Having created Donald Truck, the media is now in full panic mode, piling on to destroy him. Cable news wanted to enhance its ratings and put a little pizzazz into its political coverage; the pernicious outcome of this approach to political reporting is now on full display and, so, of course, the responsible parties are asking for a "do over." (Given the state of the electorate, probably the less news and the more wonkishly boring the better -- if she weren't a liar and a crook, Hillary Clinton would be, in my estimation, the best possible candidate. Very few people would vote; the febrile temperature of the Republic would lower and events wouldn't woozily stagger from crisis to crisis.) In any event, news media are now lining up for interviews with anyone who ever flew the Republican banner but will publicly utter the words "Never Trump!" The Holy Grail of interviews, of course, is a Republican elder not only unwilling to vote for the orange-haired lout, but, also, espousing support for his nemesis -- unfortunately, these folks are presently rare as hen's teeth.
Scott Simon hosts a weekend morning show on public radio -- it's mostly inoffensive liberal stuff: earnest and sorrowful accounts of the state of race relations in this country, gee-whiz! style sports reporting, interviews with soft rock and third-world musicians touted to be the next great thing but who vanish without a trace after their ten minutes of public radio fame, predictably left-slanted coverage of climate change and poverty and welfare reform: some mornings, you are left with the comforting conclusion that there are almost no White people left in the country, although everything you see outside your car window, waiting for your breakfast burritos, belies that impression, and poor Scott Simon mewling on-air sounds like the whitest of all White men. Accordingly, it was with some interest that I listened to Glen Beck in conversation with Scott Simon on National Public Radio -- what could this be about? Predictably, Beck was invited on the air to denounce Donald Trump -- something that he did eloquently. Beck has a made-for-radio voice, deep, resonant, intensely persuasive. The contrast with Scott Simon's high-pitched giggly whine was astonishing. In most aspects of life, an absence of comparators makes the mediocre seem better than they deserve. Listening to Beck in comparison to Scott Simon was eye- (or I should say) ear-opening: Beck's voice had a primordial unsettling authority that made Simon's words shrink into insignificance.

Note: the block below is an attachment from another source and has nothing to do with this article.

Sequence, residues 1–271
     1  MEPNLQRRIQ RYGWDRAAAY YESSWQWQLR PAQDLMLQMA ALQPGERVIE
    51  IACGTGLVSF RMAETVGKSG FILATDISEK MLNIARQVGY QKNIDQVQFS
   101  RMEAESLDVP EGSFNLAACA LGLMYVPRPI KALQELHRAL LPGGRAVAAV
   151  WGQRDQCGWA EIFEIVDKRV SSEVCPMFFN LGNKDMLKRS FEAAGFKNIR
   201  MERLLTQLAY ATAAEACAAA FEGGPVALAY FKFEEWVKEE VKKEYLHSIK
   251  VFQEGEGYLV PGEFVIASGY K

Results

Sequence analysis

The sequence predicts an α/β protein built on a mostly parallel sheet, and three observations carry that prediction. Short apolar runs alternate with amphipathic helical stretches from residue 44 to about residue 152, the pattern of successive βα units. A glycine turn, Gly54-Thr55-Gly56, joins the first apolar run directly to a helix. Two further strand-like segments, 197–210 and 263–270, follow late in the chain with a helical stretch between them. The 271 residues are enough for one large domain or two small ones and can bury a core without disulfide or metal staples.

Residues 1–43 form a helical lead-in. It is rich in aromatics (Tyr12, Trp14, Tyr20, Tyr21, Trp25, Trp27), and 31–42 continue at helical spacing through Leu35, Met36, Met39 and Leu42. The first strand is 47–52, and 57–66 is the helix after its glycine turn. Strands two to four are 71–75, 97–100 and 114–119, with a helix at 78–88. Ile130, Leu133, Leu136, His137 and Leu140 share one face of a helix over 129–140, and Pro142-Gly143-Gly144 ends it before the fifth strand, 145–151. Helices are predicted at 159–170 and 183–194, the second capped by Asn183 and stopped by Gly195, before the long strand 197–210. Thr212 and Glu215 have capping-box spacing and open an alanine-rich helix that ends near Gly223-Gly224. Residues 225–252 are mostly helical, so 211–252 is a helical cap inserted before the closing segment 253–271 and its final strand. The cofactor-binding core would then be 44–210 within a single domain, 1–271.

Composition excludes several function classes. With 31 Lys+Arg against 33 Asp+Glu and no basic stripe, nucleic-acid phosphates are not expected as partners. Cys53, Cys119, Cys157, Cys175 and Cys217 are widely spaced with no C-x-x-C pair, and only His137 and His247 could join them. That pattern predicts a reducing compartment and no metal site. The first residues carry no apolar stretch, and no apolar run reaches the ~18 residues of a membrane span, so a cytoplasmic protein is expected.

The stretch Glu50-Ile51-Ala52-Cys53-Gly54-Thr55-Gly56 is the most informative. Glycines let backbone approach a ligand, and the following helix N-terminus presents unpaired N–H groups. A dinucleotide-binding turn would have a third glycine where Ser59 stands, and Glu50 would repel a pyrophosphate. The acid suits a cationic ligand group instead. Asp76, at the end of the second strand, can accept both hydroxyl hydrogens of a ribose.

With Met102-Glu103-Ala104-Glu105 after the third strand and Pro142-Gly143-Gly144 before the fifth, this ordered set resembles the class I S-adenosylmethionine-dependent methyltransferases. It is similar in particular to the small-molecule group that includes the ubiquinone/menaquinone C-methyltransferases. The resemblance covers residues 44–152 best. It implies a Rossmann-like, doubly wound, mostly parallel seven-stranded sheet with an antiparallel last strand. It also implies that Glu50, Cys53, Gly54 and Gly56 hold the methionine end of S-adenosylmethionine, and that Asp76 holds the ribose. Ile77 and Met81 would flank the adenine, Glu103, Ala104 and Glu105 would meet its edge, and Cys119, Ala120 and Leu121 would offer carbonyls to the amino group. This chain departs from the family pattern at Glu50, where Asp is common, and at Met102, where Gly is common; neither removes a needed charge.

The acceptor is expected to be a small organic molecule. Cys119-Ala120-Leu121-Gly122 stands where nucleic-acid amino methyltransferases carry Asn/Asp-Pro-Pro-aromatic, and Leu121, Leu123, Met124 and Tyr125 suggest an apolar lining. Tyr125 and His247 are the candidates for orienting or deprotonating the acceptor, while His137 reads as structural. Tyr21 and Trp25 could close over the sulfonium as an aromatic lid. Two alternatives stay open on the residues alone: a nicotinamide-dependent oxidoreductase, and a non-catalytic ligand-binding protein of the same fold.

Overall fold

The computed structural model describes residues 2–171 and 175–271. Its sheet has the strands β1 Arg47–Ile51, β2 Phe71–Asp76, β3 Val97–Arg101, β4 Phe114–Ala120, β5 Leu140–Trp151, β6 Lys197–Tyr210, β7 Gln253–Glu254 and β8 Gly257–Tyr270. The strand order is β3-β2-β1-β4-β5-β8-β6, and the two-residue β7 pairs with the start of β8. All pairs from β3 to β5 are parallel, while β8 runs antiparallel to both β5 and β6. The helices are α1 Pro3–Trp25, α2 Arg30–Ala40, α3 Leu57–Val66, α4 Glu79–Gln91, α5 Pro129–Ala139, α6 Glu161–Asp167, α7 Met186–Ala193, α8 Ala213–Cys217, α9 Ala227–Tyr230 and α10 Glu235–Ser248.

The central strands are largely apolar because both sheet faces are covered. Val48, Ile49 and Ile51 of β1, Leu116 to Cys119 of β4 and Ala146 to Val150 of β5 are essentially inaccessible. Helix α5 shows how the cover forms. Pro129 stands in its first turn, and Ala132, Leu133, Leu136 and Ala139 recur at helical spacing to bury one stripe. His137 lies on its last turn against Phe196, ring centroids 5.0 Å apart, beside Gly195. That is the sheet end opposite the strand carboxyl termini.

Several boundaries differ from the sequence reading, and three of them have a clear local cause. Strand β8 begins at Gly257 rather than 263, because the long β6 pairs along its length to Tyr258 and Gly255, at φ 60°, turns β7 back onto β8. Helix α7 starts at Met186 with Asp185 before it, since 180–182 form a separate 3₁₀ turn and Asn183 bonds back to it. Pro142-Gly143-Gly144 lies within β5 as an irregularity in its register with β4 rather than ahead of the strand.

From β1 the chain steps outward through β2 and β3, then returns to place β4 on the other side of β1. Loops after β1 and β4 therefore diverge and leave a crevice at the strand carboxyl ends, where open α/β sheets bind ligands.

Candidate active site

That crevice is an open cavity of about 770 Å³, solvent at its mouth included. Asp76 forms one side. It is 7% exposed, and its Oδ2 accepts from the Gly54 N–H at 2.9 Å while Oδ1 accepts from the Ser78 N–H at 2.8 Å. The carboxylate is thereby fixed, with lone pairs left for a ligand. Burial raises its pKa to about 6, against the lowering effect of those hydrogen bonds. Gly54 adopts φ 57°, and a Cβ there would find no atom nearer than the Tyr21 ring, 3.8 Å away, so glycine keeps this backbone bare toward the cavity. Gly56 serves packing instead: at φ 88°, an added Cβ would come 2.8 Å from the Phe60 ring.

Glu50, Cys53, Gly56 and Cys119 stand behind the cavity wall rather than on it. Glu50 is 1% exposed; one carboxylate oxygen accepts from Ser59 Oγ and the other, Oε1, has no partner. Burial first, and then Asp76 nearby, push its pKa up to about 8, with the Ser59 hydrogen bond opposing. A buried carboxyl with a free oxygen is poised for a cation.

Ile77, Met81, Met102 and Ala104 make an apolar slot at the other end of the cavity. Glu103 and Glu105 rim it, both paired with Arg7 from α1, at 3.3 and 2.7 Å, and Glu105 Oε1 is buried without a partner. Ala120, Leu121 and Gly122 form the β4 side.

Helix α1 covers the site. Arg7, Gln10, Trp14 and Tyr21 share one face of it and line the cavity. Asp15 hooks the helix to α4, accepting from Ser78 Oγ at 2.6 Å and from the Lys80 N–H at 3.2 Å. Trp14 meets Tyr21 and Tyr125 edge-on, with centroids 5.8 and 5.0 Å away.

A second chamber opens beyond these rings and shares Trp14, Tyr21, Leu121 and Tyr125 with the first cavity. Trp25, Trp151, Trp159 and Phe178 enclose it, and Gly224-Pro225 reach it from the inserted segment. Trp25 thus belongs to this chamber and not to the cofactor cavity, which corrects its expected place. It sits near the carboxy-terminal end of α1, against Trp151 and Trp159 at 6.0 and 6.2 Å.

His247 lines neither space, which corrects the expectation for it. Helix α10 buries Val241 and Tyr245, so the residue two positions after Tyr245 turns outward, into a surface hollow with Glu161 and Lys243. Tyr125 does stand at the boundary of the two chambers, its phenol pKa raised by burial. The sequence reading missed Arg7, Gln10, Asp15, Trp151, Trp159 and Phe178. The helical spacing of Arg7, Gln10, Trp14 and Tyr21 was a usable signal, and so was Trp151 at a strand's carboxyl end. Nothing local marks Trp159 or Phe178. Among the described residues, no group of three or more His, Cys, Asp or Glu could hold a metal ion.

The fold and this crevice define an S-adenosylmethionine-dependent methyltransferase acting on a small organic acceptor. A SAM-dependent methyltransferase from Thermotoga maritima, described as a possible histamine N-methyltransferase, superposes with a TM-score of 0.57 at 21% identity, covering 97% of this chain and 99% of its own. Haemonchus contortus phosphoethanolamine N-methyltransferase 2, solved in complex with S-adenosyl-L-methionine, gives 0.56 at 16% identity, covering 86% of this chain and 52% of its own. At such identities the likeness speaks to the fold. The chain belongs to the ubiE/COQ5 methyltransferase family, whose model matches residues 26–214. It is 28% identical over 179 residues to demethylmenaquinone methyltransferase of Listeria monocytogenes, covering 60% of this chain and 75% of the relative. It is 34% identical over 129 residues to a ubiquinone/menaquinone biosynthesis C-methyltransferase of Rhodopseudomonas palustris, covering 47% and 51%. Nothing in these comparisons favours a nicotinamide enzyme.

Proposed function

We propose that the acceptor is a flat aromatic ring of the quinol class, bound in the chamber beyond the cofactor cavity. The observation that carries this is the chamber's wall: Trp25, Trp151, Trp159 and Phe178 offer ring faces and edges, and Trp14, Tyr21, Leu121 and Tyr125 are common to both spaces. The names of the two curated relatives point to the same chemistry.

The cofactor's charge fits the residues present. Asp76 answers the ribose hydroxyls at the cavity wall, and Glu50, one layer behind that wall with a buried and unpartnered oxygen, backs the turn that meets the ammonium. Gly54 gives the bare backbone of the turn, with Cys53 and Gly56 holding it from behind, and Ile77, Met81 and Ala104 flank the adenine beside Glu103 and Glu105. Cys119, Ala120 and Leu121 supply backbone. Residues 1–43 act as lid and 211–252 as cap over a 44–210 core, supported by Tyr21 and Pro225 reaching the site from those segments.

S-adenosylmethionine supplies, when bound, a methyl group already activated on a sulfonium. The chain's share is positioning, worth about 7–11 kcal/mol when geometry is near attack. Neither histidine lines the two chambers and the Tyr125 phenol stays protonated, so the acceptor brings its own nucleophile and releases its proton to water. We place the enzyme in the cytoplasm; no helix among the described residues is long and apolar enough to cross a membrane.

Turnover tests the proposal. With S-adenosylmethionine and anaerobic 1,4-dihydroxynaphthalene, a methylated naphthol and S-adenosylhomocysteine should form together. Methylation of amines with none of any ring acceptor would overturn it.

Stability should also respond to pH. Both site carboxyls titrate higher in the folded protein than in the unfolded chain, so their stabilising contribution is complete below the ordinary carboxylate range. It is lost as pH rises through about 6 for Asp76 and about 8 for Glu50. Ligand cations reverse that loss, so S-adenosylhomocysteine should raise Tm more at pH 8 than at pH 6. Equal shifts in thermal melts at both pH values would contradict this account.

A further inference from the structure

I don't know anything about Glen Beck except that I reflexively dislike him -- it's my impression that he's some kind of a hard-right kook. However, nothing that he said to Scott Simon supported this perspective. And, in fact, he said one thing that was so helpful that I am going to repeat his words in this space. Beck spoke about the contrast between the slogans "Black Lives Matter" and "All Lives Matter." Surprisingly, he criticized the latter motto as implicitly racist. I think that many people have come to that same conclusion. Whenever there is a protest about the police shooting a Black man, Black Lives Matter demonstrators take to the street. They are, then, met by counter-demonstrator shouting "All Lives Matter" or even "Blue Lives Matter" -- referring, of course, the uniforms that cops characteristically wear. Intuitively, I understand that this counter-protest draws a false equivalence and is specious, but I have never figured out exactly why I hold this view and haven't been able to articulate an argument supporting my perception. Worse, I have heard activists with Black Lives Matter melt into helpless and incoherent sophistry when asked to define what's wrong with the phrase "All Lives Matter." To his credit, Beck provided a helpful parable. He said that the listener should imagine being at a Sunday dinner with a half dozen people. Everyone but you has been served a big, heaping helping of apple pie. When you protest that you haven't received your due share of the pie distributed at the table, your Aunt sanctimoniously replies "All Pies Matter." For me, this little fable is exceptionally helpful in explaining why the slogan "All Lives Matter" is pernicious and an untruth. (And consider this tweak to the fable -- your Aunt actually reaches across to your pie and takes it away to put in front of her plate. Then, she meets your protest with the phrase "All Pies Matter." This is the equivalent of the Blue Lives Matter movement.)
I don't have any illusions about "Mr. Beck" as Scott Simon called him. He's a consummate media personality -- he understood that people exactly like me would be listening and that the occasion called for him to say something conciliatory, something that would reach through my prejudice against his views, and soften my reflex attitude of visceral distaste. But he succeeded with this endeavor and, in this season, of political incompetency, any success in communication should be celebrated.